As I approach the lilac and lime green sign that reads: “Re-use, Re-purpose, Re-cycle. Recaptured Originals” I find myself a bit green to the appeal of repurposing. Sure, I’ve watched my fair share of HGTV, yet I possess zero confidence in my own artistic abilities (read: inabilities). As I open the glass door to the shop I am immediately greeted with the hospitality of a charming boxer named Maggie. “She’s our store mascot,” explains Claudia, one of the store’s owners. I immediately know I’m in good company.
Claudia DeCesare and Ken Craft of Recaptured Originals stay true to an earth-friendly philosophy. The duo works exclusively with found and sustainable materials. They take old, unwanted and once-loved items and turn them into pieces that have newfound purpose. Ken specializes in woodworking and stained glass while collaborating with Claudia and her eye for design. A charming teal dresser with accented drawers is one of their recent joint efforts.
“It’s one of a kind,” Ken says, “you won’t find another one like that. You can go into a Cardi’s and you’ll find 50 of them in a back room and they all look the same... That’s the only one like that, and it’s the only one that will be like that.” The pair enjoys working with found art that they feel is well-made to begin with. And since the materials they work with usually cost them nothing, they manage to keep prices modest for pieces that boast such attention to detail and craftsmanship.
When asked what their specialty items are, Claudia gives me a laundry list, “Furniture, home furnishings, recycled clothing, jewelry, cloth...” the list goes on. “I don’t think there’s anything I don’t like,” says Ken of the custom works they have for sale. He motions to one hanging on the wall: “I’m not fond of that style, but other people like it. So I don’t judge it.” Claudia chimes in, “I’m more up to say ‘I don’t like it so I don’t want it in the store,’” she laughs. “It’s a good balance. Sometimes I need a reminder that not everyone has the same eye.”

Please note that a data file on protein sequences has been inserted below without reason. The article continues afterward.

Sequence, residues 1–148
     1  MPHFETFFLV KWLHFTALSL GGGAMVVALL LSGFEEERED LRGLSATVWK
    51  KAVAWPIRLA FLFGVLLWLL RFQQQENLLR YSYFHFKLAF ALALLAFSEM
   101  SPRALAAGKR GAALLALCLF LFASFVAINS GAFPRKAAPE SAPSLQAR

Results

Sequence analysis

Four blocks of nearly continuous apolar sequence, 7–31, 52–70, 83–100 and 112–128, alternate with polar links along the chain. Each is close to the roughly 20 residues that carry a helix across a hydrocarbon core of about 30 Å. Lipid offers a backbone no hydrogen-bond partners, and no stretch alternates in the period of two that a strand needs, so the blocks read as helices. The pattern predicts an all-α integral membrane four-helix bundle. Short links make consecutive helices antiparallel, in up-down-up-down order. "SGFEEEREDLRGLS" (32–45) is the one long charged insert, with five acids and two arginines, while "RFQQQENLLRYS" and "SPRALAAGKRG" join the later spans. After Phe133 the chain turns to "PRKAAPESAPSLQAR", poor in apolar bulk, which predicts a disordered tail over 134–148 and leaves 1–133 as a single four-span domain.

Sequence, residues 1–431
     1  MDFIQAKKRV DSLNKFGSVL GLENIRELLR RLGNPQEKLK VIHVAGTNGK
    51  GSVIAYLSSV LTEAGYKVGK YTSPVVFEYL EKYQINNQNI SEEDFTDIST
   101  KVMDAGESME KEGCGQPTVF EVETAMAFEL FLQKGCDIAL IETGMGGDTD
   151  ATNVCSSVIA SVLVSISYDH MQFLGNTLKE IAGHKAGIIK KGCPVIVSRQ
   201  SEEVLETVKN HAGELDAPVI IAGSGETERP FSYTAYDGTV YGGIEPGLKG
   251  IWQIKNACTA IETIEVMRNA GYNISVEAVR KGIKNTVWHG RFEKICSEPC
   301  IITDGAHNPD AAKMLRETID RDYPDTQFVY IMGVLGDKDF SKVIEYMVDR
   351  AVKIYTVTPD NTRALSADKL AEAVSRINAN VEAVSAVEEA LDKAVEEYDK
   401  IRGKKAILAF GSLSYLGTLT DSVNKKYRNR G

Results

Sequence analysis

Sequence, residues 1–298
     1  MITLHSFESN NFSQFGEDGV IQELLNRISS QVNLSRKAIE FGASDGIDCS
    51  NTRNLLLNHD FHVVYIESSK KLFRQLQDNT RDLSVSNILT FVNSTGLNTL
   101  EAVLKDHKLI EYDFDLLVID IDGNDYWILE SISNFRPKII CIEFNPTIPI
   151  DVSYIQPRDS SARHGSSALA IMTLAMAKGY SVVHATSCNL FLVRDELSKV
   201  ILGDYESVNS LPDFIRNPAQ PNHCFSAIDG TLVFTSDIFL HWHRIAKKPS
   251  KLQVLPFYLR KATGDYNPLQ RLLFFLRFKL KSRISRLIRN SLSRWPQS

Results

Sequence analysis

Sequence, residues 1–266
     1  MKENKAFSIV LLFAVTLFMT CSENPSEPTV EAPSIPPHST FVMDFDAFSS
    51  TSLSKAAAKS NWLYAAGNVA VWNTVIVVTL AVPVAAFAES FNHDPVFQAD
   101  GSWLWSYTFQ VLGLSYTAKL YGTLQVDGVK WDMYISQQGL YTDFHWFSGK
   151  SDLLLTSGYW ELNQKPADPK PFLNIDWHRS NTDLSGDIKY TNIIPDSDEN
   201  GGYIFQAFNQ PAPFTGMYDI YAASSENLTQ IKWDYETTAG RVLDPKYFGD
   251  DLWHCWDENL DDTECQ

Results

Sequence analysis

When asked about their favorite item in the store, DeCesare points to a corner cabinet piece. “It really illustrates exactly what we’re talking about: that literally was found on the side of the road. It’s so solid it takes two or three people to move it. It’s a period piece, definitely made in the ‘50s or ‘60s, and it still has the look of that time period. And with very minimum woodwork, “just some sanding, stenciling and interesting colors that make it a standout” it didn’t take much to make it a unique piece.”
She continues, “We really want to preserve the integrity of the pieces that we work on so that they are beautiful in the way they were intended when they were originally made.” And suddenly, I have insight into how appropriate the signage outside is to the essence of Recaptured Originals.